The Simplified Wealth of Nations of Adam Smith, Book 5, Chapter 3: International Barter Taxation

Chapter 3g: International barter taxation

Translator's note: On this page, I will add links to Keynes' International Clearing Union which is consistent with Smith's proposal below
79 It has been said that the Americans have no gold or silver money.   80 The current scarcity of gold and silver money in America is not the effect of the inability of the Americans to buy those metals.  

81 Gold and silver money is necessary or convenient for transacting domestic or foreign business.


82 Book 2 has shown that the domestic business of every country may be transacted through paper currency as conveniently as by gold and silver money, at least in peacetime.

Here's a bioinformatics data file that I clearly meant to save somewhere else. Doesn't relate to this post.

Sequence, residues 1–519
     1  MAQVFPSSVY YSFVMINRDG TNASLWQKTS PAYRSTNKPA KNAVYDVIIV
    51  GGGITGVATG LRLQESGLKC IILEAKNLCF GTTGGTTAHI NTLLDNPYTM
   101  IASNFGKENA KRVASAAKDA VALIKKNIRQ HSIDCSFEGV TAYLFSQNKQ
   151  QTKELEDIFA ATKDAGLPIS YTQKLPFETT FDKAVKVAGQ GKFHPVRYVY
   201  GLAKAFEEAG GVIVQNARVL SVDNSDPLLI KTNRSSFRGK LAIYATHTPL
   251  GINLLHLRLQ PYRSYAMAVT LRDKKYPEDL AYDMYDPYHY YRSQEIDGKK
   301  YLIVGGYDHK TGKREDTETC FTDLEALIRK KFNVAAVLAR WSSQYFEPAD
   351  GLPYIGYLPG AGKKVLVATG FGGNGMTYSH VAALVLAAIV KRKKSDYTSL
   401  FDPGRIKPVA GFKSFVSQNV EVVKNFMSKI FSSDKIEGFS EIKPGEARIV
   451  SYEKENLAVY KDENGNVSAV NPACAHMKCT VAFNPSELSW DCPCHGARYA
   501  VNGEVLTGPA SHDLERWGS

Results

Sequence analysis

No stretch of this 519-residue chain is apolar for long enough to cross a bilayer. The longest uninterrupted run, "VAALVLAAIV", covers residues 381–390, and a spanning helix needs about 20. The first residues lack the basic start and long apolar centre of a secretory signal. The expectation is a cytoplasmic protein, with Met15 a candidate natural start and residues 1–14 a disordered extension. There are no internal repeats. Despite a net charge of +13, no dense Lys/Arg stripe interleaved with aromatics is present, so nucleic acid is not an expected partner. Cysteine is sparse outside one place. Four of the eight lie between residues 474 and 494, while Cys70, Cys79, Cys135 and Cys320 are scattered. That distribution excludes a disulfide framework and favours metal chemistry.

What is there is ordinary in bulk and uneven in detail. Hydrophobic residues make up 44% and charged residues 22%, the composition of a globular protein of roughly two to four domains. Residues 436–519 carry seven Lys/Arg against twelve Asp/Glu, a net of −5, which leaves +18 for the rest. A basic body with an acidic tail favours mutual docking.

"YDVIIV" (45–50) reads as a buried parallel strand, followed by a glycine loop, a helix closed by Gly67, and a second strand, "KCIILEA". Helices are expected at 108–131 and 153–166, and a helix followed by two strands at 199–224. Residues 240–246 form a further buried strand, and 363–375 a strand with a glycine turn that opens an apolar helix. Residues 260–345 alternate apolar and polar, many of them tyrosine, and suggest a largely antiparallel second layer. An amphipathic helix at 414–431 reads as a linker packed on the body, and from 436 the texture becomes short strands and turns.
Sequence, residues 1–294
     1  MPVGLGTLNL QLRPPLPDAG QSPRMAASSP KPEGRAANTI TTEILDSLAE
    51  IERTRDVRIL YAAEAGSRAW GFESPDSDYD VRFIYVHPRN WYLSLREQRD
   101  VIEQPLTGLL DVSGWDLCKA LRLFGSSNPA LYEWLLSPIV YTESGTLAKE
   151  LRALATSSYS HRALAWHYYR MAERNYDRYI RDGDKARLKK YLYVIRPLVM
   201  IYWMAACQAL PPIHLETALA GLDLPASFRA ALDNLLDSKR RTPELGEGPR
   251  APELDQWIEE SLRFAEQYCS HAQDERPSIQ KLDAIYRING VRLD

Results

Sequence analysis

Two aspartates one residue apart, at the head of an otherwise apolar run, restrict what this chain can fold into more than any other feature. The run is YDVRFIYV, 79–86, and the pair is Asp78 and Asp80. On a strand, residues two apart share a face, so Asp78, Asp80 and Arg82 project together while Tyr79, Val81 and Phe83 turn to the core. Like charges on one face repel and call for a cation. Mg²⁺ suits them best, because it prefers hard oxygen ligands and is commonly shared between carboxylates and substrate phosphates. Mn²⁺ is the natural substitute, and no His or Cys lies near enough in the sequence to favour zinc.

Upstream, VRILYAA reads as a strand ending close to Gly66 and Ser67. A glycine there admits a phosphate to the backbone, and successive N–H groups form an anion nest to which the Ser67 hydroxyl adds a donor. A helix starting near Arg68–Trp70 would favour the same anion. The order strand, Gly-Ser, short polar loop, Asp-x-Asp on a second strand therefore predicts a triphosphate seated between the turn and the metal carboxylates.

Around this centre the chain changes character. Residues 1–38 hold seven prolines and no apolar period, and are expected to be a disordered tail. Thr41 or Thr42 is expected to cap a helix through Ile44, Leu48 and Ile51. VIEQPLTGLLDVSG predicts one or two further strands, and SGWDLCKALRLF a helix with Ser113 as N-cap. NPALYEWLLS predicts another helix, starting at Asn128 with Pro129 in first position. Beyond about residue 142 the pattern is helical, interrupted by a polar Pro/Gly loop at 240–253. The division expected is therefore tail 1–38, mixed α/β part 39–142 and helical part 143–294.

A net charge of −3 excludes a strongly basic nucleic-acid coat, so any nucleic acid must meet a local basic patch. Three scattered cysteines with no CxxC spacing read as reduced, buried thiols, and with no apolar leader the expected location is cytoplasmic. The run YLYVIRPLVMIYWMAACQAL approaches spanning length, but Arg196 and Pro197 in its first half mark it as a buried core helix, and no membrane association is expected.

83 In the commerce between Great Britain and the tobacco colonies, the British goods are generally advanced to the colonists at a pretty long credit.   84 In the northern colonies, the value of their own exports to Great Britain is more than the value of their imports.   85 In the sugar colonies, the value of exports to Great Britain is much greater than the value of all the goods imported.   86 The difficulty and irregularity of payment from the colonies to Great Britain have not been proportional to the balances due from them. 87 It is not the poverty of the colonies which creates the present scarcity of gold and silver money.   88 It is just fair that Ireland and America contribute towards discharging Great Britain's public debt.   89 By a union with Great Britain, Ireland would gain the freedom of trade and other much more important advantages.   90 No oppressive aristocracy has ever prevailed in the colonies.   91 The East India Company's territorial acquisitions is the right of the British people.   92 If it is impractical for Great Britain to increase its revenue from the resources mentioned, her only remaining resource is to reduce her expence.